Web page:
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Forget What You've Heard about the Upper Peninsula--Even from Me.
Heat and crowds are good for you.
Life is quiet here on the island and at the moment it’s very near perfect. Mornings and evenings are cool and when the sun does beat down, a step into our always abundant shade is all it takes. Ten degrees cooler. At least.
With the heatwaves in the news, I’m up here thinking how awful it must be to live in those places where shade gives no respite from heat and sweat, and even the act of breathing takes some effort. Where trees and brush and grass have given up and have withered and died, where heat combusts and fires start and flame out of control, filling even our space, hundreds of miles away, with particles and soot, messing with our air quality and the clarity of our skies.
I hear warnings that if this heat cycle doesn’t move on, if it’s really a part of global warming, we here in upper Michigan may find ourselves hosts to thousands if not millions of people who will eventually figure out that all they have to do is pack up and cross the Mighty Mac to get some blessed relief.
We’re not just talking about vacationers. The news is reporting as if it’s fact that many, many, many of them will want to make it permanent.
So let me tell you about where I live, this place where they might want to come: The Upper Peninsula has about 30 percent of the total land mass of the State of Michigan but the population of the U.P. is only about 300,000 people, which is about 3 percent of Michigan's population. We’re almost entirely covered with forest—84 percent. That leaves—let me see—16 percent of our land that’s currently habitable.
Our biggest ‘city’, Marquette, has a population of 21,000. The next biggest, Escanaba, has 12,000 people. (My island, Drummond, 20 miles long and 10 miles wide, has a year-round population of around 1100, which swells to some 3000 when the summer cottagers arrive.)
As you might imagine, we’re not ready for that kind of mass migration. Our infrastructure is just above primitive when it comes to handling crowds. Except for a 50-mile stretch of I-75, from the bridge to I-75’s terminus at Sault Ste. Marie, there are no other freeways in the UP. If you’re heading anywhere else, you’re on a surface road.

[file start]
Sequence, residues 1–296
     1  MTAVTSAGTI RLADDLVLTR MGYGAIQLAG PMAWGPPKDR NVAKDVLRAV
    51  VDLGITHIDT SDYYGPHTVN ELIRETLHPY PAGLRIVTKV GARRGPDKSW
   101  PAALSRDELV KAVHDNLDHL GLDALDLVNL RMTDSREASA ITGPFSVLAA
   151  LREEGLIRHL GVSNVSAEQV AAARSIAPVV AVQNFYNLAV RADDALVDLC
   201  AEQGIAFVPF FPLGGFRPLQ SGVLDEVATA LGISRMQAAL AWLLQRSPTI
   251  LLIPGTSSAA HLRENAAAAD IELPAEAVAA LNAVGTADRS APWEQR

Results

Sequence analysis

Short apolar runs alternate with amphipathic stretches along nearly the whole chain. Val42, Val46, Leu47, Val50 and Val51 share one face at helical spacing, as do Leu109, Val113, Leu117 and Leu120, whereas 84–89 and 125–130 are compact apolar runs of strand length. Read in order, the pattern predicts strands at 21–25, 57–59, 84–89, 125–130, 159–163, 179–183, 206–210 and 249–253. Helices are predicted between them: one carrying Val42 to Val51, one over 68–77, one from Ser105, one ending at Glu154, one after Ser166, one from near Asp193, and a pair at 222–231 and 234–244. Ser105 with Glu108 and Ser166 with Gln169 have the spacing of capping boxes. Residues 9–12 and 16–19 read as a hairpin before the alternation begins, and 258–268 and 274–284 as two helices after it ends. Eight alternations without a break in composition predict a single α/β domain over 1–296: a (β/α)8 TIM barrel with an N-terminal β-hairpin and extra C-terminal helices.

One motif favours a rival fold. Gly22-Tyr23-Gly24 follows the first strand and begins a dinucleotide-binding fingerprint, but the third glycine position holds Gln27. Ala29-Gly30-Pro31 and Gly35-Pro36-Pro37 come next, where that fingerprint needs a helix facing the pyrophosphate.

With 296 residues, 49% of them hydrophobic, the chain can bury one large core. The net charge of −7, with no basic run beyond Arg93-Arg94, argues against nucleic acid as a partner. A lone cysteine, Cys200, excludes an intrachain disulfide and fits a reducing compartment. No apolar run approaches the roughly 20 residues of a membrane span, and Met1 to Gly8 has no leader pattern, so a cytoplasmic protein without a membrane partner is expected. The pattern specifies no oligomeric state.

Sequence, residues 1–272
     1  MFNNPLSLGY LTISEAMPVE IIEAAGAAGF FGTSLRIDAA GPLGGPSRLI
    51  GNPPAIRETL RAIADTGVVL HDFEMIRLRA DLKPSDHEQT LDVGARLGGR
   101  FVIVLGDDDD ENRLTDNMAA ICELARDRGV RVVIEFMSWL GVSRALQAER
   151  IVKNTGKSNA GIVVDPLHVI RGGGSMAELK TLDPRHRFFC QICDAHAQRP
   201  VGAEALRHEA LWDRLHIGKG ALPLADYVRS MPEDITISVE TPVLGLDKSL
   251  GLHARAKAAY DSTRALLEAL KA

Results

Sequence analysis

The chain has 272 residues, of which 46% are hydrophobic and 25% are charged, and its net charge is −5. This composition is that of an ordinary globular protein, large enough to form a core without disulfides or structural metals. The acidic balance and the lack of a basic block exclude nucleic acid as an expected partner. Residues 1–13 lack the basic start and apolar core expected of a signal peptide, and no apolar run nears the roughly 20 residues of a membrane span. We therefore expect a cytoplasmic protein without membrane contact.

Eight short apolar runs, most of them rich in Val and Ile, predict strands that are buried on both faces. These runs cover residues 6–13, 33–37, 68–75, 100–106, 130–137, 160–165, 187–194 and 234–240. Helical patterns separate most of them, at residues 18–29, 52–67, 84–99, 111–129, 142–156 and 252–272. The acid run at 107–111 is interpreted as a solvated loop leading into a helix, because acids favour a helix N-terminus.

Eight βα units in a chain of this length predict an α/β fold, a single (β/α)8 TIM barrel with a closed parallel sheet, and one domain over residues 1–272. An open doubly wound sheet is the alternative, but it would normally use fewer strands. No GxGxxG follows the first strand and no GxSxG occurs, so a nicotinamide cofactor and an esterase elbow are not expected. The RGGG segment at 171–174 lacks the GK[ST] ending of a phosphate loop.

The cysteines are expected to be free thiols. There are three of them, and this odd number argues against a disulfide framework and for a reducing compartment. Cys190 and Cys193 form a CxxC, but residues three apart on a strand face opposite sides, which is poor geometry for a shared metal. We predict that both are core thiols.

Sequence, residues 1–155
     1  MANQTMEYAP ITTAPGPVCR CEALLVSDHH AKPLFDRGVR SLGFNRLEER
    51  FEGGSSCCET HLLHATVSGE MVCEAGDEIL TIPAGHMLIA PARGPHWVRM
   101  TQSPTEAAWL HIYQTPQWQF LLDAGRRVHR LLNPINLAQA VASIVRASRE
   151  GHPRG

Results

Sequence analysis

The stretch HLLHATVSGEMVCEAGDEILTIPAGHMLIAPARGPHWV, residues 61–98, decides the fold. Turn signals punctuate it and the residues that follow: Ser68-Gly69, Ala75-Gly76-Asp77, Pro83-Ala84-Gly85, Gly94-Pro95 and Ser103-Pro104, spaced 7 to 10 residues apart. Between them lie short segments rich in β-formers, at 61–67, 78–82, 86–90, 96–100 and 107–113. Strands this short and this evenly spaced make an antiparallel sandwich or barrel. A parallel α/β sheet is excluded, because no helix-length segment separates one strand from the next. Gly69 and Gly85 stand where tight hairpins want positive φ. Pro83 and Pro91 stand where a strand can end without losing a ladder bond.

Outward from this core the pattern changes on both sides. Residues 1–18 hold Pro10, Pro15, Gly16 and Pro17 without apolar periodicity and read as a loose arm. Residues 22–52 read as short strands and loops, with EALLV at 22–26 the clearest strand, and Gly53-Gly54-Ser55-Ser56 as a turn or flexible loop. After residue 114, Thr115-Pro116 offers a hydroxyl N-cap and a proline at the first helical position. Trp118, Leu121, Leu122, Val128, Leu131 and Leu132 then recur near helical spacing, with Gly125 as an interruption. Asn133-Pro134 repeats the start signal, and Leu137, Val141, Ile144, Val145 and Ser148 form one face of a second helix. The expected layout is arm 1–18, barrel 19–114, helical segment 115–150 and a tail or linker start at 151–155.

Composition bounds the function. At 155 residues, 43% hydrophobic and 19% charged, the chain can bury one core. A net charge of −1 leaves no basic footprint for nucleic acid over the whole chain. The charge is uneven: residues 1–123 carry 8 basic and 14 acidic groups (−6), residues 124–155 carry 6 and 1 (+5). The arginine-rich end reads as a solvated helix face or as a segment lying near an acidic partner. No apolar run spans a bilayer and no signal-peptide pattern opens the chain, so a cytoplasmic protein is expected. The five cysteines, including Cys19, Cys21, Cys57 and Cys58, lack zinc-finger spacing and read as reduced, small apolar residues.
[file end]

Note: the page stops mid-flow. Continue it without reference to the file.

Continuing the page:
Our electrical grid fails regularly, due to antiquated lines or wind-blown trees falling across them and taking them down. (The wind doth blow here, especially off the big lakes.)
The internet is still DSL in some places, but I can tell you, because my internet has been sucky for days now, that even broadband isn’t all that broad. A few places like Marquette, a college town, have fiber optics, but the remote places lucky enough to have internet at all are often serviced by small companies hundreds of miles away. Here on the island we don’t dare complain too much over those regular, infernal failures, since we’re probably a bigger bother than we’re worth. They could just ditch us. (There is Starlink but it’s expensive. I can’t justify the cost yet.)
Phone service is iffy, too. We used to have to drive a mile up the road at the top of a hill to be able to use our phones but it’s improved some now. Now I usually (emphasis on usually) just have to make sure I’m near my dining room window, even with wi-fi calling. (“Can you hear me? Oh. Wait. Hang on. Is that better? Can you hear me now?”)
Most of us who live here do it by choice. We’re no strangers to inconvenience and we’ve learned to live with it. Because, okay, it’s beautiful here.
From my house the nearest McDonald’s is a ferry ride to the mainland and then a 50-mile drive west and then south a bit. Big box stores like Walmart or Kohl’s (We have a Kohl’s!) are 60 miles to the north. There is no Lowe’s or Home Depot. They’re 100 miles away and across the bridge, in Petoskey. (They used to deliver but someone said recently they don’t anymore.)
In the summer the ferry lines are long and the ferries “run wild” or off-schedule from morning until evening. Best to have something to do while you wait—a book or your phone or something you can listen to on the radio. Unless you’re lucky and can just scoot aboard, it’ll be a while.
It isn’t just island living that’s inconvenient. There are vast regions across the UP that are many miles from even a gas station. If you’re thinking, ‘It’s Michigan, how bad could it be?’, come on up and see for yourself.
Just don’t get so seduced by the beauty you’re going to want to live here. And invite your friends. And tell them to invite their friends. And then start tearing down our woods because you don’t like so many trees. And then gripe because there are no malls. Or freeways. Or telephone service. And then think the way to fix it so you’re comfortable is to build malls and freeways and all that crap.
There’s a reason the Upper Peninsula is nearly empty of people. We like it like this.
As the United States goes, we’re way up there, a squeak above the 46th parallel. We’re not the highest in latitude in the US, but it makes a difference that we’re nearly surrounded by the largest of the Greats. Lakes Michigan, Huron, and Superior touch us. We’re cooler, yes, but because of the lake effects, in winter we get more snow, more ice, more howling winds.
Which is why I wimp out and leave for the winter. I love the first snows and usually try to stick around for at least one of them, and then I’m outta here, heading across the bridge southward to see where the warmer winds will take me.
But then I can’t wait to get back when the snow melts—which sometimes doesn’t happen until mid-May. And then summer comes again, and people in the sweltering lowers start getting ideas about how nice it would be to live up here.
So I’m counting on you to tell them otherwise. Now that you know how bad it is.
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